Oil and Gas Drilling
This is much the same process as water drilling but with many more health and safety controls and a much larger technical budget.
Seismic surveys are first conducted (in Australia at least) and these data are used to map the subsurface geology. Again another blog. Hydrocarbons are lighter (more buoyant) than water and will move to the top of reservoirs. Geophysicists map the subsurface, looking for these anticlinal traps (ie buried hills). Some areas will be prone to finding gas ( eg continental setting with significant coal) and other areas will be prone to oil (eg black shale source rocks). Exactly what will be found in a particular well is only known after drilling. Prior to that it is only conjecture.
Exploration wells are first drilled and, if successful these are followed by appraisal and development wells. Exploration wells tend to be simple vertical holes ( as are water bores), are drilled with mud ( the weight helps control fluid movement from the well) and are cased with steel casing (often up to three concentric rings). Wells have complex Blow Out Preventers (BOPs) to prevent any unwanted gas escape and are cemented around the casing.
If unsuccessful the well is Plugged and Abandoned ( P&A). In this case cement plugs will separate all aquifers. Wells are logged ( using many different methods) and geologists can very accurately define porous and non porous rocks. If successful, the well is first completely cased ( steel pipe and cement). Any potential productive zones are then perforated to allow the gas ( or oil or gas liquids) to flow to surface. Gas will always be under pressure but oil may not be.
The only time that explosives are used during drilling and completion are in this perforation process or in the gathering of side wall cores. In both cases the explosives are similar to shot gun charges and are intended to blow a small hole in the casing or in the borehole to collect a sample the size of a match box.
Stimulation ( Fraccing)
In the same way a water well may require stimulation, a gas well may require a similar process. In a conventional gas well (ie gas within a sandstone reservoir) this is usually done because the pore space is clogged or the sandstone is tight. The exact nature of the flow problem will determine the process and any chemicals used in the stimulation ( frac) process.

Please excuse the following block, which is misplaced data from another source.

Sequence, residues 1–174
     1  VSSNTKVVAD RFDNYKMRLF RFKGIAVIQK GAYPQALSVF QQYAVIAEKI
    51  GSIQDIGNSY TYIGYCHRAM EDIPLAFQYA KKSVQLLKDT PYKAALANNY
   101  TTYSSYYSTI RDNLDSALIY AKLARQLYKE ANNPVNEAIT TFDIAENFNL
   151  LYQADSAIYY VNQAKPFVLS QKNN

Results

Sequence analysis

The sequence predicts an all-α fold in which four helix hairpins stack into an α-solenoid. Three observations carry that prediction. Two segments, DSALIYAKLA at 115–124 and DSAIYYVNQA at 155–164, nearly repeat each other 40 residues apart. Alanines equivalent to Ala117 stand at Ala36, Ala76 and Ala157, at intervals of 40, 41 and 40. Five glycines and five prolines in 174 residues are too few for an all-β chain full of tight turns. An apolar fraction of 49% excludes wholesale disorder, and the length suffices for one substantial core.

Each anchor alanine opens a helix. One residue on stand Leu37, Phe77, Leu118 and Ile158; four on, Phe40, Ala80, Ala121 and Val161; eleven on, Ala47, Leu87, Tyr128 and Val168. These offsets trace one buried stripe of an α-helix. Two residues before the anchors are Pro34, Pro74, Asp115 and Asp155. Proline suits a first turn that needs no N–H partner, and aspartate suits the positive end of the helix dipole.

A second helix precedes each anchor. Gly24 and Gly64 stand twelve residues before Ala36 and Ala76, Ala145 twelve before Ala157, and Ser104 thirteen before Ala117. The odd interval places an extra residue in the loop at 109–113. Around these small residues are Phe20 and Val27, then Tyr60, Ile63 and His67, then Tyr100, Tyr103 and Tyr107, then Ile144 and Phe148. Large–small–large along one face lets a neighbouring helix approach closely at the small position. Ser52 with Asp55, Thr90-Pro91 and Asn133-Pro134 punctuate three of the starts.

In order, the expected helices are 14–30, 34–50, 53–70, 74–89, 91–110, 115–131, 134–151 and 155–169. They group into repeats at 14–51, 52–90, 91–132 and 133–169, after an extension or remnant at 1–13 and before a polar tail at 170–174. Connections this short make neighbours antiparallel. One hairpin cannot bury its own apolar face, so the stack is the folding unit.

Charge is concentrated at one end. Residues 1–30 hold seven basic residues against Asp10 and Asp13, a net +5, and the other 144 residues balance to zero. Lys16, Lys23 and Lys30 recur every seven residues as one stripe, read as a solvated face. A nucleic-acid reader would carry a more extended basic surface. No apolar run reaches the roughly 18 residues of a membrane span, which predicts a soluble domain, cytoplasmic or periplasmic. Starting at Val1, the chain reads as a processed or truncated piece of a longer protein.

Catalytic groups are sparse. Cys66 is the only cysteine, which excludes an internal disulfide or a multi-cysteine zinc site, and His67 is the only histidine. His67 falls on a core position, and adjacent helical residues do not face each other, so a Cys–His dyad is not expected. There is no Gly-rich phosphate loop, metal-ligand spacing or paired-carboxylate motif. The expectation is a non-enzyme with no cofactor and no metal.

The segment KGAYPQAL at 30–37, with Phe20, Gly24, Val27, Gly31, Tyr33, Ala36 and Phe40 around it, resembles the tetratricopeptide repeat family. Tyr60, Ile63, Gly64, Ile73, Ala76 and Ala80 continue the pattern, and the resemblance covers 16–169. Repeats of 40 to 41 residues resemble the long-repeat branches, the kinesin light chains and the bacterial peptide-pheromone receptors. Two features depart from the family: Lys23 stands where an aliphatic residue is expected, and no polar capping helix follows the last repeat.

Stimulation ( or fraccing) is similar to that in water wells. In Australia it is better controlled, with all products used stated on Company websites ( they are much the same products with no toxic chemicals allowed). In the case of gas wells being hydraulically fractured, water is pumped into the formation and a proppant used to keep the pore space open once the water is let out again. The proppant is almost always sand grains although some synthetic products have also been used.
In the South Australian and Queensland Cooper Basin fraccing of conventional reservoirs has been used to increase gas flow rates since the early seventies with over 700 fracs to date. More recent wells will require fraccing on a more regular basis ( the good ones were addressed first). Without fraccing there would likely be no gas business in the Cooper Basin.
Unconventional gas and Coal Seam Gas (CSG)
Stimulation in these gas fields is a different proposition. I will look at these in a future blog. In Australia we have a handful of unconventional shale gas wells and even less frac jobs within them to date. One is on commercial production in the Cooper Basin as far as I am aware.
CSG wells do not require fraccing to the same degree and the process may be different ( eg cavitation). We will go into that in a different blog. Only about 8 percent of Australian CSG wells are fracced. Santos, for example has stated that they won’t frac any of their CSG wells in the Gunnedah Basin near Narrabri.